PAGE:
What Through the Cracks is so excited about

I’ve never used the word exciting so much in my life.

If you know me, then you know that’s out of character. I’m a mellow man, the kind of person who sparingly – maybe actively avoids – use of the word exciting.

I’m still cool as the other side as the pillow, but crowdfunding journalism has me saying exciting all the time.


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Why?

Crowdfunding might be an especially useful tool for young journalists to become media entrepreneurs.


It can bring underreported stories to light. It can be used for experimentation, that’s why it’s been called journalism’s research and development lab. It can deepen relationships between readers and reporters.

It can help small news startups – the kind known to fill holes in the media landscape – grow. So far crowdfunding has helped some great news startups and projects around the world, but there’s still a great potential that still seems unexplored.

So why so excited? In a word: potential.

We get to watch that potential play out as we report stories of innovation, reporting and storytelling play out, and it’s really exciting. It gives me optimism about the future of journalism.

The six key categories:

Through the Cracks launched about six months ago. Now we have two editors and seven contributors spread out across North America, Europe and South America who are interested in the future of journalism and the role crowdfunding may play.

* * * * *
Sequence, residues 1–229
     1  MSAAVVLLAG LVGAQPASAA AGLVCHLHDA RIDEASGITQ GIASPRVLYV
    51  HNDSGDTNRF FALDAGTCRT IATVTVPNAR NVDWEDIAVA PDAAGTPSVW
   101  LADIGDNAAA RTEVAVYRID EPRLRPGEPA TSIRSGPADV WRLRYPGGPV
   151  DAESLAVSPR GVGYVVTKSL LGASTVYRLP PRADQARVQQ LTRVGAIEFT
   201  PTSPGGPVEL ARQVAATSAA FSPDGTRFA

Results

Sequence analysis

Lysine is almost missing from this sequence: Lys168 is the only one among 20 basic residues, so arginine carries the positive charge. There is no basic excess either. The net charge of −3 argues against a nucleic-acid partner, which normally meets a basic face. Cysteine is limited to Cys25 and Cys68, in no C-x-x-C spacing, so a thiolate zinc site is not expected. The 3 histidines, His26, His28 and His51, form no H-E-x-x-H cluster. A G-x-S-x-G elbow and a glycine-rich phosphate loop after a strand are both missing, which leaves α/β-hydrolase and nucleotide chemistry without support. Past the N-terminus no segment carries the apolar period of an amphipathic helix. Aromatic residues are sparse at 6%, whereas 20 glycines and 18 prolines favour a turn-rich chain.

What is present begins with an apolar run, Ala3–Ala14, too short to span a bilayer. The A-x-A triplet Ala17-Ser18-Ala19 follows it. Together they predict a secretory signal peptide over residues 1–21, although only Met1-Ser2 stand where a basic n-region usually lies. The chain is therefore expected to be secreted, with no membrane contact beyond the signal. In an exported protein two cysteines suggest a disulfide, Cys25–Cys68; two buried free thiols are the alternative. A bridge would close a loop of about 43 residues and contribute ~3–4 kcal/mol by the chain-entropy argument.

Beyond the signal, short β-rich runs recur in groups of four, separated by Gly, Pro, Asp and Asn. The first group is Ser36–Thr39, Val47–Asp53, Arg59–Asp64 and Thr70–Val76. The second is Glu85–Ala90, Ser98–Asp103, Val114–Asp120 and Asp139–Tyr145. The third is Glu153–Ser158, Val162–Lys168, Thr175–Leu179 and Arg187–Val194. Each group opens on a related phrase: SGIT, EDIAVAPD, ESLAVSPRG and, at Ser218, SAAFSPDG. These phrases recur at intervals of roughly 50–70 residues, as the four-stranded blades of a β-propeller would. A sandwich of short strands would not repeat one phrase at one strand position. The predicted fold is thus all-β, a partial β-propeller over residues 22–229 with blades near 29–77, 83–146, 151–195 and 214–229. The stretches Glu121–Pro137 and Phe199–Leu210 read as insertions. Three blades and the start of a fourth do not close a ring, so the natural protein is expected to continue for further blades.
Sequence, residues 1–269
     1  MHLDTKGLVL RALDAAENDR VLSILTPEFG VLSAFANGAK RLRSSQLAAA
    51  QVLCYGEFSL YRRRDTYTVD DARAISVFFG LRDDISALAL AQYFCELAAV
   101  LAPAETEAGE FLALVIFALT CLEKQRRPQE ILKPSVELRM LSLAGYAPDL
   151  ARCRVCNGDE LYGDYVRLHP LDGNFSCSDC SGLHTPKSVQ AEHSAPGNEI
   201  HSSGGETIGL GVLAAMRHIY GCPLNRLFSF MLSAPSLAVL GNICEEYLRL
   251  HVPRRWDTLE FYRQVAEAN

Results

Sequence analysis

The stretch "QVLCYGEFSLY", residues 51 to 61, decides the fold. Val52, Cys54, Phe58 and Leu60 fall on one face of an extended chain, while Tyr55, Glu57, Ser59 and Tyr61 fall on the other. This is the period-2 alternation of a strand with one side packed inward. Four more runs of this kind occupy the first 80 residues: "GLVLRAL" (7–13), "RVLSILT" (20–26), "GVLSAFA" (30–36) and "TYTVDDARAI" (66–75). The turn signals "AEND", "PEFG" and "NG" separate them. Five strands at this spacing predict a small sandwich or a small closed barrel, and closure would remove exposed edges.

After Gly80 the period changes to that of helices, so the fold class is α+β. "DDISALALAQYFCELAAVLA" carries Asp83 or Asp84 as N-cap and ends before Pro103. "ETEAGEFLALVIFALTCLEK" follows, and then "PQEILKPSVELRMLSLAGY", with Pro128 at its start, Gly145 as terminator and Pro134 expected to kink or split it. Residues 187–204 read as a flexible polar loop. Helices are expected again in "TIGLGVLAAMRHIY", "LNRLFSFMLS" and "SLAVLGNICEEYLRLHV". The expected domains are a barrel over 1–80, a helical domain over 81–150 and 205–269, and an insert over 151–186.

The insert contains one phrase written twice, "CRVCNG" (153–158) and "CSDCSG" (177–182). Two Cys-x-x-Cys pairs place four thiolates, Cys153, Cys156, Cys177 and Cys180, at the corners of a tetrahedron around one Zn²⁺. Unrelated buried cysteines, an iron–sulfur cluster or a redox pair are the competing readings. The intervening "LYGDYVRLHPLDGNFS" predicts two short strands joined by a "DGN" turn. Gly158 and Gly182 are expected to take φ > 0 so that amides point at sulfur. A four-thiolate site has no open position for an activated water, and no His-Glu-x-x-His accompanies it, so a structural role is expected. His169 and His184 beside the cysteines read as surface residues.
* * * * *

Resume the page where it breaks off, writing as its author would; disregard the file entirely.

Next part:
We believe a series of trends will continue to make crowdfunding journalism more common. We also know that, as Jim Brady recently said, the only constant for journalism is change.

No matter what the future holds for journalists and storytellers, we’re here to spread best practices and good ideas anywhere we find them in the world.

Visit this page to learn more about the thinking behind Through the Cracks and the meaning behind our name.

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Khari Johnson
Khari is founder and editor of Through the Cracks: Crowdfunding in Journalism. He also writes about bots and artificial intelligence for VentureBeat. He has built news startups in the U.S. and Europe for the last decade.

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